Since 2000, surveys on academic achievement show gender inequalities in favor of girls in the school setting. The aim of the present study was to examine if gender stereotypes about academic abilities that are usually considered as fully demonstrated in the literature have to be updated. Three hundred ninety-eight French fifth graders from a medium-sized provincial town answered a questionnaire designed to examine, both with direct and indirect measures, if they hold different gender stereotypes concerning mathematics and reading depending on target’s age (children vs. adults). As expected, results showed that participants, regardless of their gender, were aware of a math-ability stereotype favorable to men when the stereotyped targets were adults. When the stereotyped targets were children and young adolescents, the math-ability stereotype was less clear. Participants believed that people think that girls succeed as well as boys in math. Concerning reading-ability, participants reported the “usual” stereotype favorable to females, regardless of the stereotyped target’s age (child or adult). Together these results suggest that academic gender stereotypes have to be reconsidered. The math-ability stereotype targeting children and favorable to both genders seems to show an improvement of the French girls’ reputation in mathematics. Moreover, the reputation of French boys in this domain seems to be poorer than reported in previous research.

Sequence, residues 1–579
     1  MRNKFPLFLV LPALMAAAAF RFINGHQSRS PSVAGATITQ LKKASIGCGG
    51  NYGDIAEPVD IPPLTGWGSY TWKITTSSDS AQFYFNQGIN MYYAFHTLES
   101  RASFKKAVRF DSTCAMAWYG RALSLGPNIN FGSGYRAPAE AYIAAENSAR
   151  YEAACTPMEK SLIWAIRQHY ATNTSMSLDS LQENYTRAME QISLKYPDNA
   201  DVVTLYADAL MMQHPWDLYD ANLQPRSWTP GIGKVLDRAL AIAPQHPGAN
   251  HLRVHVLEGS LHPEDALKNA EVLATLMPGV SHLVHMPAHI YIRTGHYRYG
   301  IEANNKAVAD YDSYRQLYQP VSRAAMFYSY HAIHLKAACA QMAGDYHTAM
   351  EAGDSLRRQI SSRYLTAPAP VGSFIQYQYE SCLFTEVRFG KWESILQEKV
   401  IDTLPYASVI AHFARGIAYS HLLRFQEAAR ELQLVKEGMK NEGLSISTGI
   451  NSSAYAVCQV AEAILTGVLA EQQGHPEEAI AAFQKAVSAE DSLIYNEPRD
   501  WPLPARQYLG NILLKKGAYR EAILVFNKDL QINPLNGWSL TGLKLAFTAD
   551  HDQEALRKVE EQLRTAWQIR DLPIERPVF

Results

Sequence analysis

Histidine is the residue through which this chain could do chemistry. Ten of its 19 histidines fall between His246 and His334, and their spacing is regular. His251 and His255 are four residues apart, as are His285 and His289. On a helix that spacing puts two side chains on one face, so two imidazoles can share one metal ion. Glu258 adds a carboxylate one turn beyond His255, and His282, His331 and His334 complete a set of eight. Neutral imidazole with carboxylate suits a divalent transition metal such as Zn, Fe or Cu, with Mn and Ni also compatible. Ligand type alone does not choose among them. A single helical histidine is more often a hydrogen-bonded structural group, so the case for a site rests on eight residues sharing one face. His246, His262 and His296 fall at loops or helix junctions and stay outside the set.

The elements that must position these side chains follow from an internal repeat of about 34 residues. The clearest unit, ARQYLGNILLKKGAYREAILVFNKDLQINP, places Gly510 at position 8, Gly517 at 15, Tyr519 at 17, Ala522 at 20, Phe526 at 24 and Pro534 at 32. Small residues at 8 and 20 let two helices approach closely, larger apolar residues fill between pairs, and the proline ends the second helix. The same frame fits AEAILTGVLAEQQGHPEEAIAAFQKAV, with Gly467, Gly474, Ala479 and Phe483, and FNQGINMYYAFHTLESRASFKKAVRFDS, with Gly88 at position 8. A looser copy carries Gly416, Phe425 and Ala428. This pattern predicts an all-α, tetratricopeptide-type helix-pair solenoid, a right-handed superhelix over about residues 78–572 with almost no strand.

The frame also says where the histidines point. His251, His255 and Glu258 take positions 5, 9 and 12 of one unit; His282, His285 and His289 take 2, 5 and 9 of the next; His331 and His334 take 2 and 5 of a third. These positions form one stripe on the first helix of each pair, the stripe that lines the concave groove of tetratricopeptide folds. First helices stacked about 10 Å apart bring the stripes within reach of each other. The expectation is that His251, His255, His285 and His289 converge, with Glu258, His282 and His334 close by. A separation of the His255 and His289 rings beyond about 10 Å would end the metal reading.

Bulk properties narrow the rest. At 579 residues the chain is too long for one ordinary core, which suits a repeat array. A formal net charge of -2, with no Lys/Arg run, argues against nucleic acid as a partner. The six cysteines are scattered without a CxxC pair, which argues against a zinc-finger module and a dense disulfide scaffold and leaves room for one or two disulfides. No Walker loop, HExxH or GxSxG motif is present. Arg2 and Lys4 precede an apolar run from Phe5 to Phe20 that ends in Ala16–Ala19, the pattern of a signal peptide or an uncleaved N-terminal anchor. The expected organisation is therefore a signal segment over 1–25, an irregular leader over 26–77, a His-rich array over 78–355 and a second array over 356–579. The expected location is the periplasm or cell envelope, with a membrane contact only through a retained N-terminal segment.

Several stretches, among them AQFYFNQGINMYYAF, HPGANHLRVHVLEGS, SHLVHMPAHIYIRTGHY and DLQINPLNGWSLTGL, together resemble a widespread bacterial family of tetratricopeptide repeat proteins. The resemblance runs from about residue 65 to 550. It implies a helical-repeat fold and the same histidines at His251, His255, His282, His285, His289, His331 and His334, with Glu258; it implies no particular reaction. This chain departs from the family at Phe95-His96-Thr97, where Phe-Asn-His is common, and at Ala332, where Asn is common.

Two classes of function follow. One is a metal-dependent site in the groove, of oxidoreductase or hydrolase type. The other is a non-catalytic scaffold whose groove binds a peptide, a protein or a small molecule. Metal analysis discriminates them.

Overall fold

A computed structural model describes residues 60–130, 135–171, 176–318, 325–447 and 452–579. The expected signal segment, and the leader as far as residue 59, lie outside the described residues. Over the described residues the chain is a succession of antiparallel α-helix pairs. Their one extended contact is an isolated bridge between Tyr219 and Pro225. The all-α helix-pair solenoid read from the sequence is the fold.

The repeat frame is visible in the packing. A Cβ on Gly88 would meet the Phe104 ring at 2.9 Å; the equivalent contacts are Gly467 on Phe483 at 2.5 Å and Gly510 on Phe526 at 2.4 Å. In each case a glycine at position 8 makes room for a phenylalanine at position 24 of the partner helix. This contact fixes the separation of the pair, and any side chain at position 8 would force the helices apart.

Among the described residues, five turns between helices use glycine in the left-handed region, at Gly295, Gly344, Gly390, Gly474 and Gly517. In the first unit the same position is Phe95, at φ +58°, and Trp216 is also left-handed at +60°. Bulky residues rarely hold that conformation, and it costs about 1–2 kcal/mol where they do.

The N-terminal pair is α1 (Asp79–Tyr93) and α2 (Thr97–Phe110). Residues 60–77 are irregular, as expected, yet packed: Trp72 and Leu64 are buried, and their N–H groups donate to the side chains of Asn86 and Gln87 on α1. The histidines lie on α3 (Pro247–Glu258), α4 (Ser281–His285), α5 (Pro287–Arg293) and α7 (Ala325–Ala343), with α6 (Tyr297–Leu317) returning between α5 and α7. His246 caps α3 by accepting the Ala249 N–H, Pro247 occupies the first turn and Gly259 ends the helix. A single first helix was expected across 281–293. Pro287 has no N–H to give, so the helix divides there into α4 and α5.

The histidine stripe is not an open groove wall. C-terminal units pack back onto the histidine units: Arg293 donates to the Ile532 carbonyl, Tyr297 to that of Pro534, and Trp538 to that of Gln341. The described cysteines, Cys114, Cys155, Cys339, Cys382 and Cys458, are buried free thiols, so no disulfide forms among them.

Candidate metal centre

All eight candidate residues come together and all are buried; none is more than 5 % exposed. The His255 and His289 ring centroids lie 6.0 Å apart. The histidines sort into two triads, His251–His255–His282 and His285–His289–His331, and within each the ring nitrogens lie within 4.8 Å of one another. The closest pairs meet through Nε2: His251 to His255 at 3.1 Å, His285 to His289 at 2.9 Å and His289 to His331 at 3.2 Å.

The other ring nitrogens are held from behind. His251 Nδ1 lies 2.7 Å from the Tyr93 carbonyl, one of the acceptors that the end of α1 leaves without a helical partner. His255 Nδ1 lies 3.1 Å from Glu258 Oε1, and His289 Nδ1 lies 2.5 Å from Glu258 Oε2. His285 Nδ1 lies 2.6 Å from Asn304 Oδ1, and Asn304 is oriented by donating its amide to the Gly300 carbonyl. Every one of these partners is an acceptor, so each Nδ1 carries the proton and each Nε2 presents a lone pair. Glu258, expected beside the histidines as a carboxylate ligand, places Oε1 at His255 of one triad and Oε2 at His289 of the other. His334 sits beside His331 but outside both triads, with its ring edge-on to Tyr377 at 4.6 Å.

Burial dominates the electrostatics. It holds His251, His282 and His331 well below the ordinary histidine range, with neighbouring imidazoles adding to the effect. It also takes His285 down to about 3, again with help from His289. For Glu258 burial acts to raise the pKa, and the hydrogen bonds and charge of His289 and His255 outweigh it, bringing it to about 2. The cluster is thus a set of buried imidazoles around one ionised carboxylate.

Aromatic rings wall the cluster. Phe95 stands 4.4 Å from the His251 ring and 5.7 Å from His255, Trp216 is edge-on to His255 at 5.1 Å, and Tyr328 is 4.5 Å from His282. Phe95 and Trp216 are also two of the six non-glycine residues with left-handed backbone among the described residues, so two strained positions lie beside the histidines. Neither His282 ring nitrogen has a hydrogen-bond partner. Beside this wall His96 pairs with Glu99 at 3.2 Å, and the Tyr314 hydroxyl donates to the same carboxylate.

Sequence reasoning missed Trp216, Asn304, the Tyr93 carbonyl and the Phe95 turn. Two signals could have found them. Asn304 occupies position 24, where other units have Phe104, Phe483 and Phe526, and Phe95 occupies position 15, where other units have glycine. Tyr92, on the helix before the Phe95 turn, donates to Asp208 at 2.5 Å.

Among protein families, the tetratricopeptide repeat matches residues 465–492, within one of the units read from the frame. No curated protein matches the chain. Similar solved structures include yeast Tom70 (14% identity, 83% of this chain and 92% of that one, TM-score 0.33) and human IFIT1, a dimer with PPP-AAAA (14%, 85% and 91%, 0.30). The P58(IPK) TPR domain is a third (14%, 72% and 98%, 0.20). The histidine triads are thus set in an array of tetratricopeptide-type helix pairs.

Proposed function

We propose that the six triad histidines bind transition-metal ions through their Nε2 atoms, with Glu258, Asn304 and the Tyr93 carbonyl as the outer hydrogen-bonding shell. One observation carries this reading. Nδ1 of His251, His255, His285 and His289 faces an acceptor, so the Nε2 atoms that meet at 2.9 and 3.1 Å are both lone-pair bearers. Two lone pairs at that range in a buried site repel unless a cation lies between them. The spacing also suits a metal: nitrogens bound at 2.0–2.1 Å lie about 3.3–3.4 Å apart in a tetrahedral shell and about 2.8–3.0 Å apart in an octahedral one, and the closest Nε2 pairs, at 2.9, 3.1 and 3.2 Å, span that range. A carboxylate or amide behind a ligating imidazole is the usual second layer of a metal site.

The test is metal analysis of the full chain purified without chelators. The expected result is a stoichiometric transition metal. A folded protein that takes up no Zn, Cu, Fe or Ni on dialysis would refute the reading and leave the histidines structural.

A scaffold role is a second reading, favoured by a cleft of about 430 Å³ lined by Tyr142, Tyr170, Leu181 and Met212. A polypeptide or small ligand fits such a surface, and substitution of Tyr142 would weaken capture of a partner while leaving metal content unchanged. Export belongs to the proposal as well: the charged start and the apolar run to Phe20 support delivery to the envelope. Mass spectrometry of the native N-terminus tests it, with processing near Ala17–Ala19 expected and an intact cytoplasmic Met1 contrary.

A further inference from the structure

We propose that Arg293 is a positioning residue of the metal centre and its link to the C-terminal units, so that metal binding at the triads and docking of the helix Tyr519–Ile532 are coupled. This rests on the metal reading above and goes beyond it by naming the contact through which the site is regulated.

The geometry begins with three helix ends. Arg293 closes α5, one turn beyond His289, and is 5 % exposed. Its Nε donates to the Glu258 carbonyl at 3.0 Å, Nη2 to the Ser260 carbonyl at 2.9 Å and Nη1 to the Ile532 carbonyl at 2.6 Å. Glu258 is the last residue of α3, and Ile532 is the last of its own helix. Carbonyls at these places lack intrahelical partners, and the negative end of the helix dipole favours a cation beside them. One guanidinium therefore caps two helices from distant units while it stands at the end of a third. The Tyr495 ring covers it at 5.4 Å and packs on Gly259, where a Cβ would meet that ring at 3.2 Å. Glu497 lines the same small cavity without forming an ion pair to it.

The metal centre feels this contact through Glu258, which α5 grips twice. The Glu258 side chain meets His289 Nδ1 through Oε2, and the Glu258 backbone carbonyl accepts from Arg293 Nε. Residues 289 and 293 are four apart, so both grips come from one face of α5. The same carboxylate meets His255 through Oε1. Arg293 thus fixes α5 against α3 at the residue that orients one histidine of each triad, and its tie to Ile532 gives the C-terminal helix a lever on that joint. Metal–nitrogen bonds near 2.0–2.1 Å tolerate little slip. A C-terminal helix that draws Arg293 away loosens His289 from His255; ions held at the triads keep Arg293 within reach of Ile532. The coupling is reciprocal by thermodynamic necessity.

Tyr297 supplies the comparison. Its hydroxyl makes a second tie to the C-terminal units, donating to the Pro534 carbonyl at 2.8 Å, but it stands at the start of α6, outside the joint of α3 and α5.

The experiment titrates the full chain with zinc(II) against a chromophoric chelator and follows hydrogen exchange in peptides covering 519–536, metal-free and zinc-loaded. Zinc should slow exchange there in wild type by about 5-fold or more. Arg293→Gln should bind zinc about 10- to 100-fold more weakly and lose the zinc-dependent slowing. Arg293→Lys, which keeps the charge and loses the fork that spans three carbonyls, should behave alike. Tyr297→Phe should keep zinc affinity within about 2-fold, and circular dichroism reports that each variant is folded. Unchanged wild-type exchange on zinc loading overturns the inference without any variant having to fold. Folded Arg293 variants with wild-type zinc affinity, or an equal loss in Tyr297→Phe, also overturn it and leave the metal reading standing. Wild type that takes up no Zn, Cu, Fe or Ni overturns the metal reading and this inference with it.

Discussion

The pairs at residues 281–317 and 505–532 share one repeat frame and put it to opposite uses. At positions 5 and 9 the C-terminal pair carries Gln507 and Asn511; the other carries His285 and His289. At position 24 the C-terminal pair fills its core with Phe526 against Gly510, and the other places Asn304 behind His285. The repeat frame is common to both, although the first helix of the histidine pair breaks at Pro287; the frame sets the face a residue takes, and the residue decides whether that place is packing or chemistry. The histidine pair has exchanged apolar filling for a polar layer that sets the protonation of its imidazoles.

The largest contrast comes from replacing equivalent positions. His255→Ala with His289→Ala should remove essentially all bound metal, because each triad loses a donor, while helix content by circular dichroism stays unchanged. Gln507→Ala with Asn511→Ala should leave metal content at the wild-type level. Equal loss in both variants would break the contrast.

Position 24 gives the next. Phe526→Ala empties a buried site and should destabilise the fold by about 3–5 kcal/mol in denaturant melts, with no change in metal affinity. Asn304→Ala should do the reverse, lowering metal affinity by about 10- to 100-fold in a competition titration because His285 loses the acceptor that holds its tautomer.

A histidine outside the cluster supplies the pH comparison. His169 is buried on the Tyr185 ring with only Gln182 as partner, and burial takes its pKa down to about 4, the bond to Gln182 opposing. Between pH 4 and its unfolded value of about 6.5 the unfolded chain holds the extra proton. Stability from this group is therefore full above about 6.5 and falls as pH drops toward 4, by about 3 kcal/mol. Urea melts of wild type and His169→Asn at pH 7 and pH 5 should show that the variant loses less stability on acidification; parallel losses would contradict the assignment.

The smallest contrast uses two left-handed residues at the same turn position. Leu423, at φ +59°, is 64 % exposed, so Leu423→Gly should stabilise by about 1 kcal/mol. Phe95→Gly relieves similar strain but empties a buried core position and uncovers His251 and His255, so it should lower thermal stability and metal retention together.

Sex Roles – Springer Journals
Published: Nov 22, 2011
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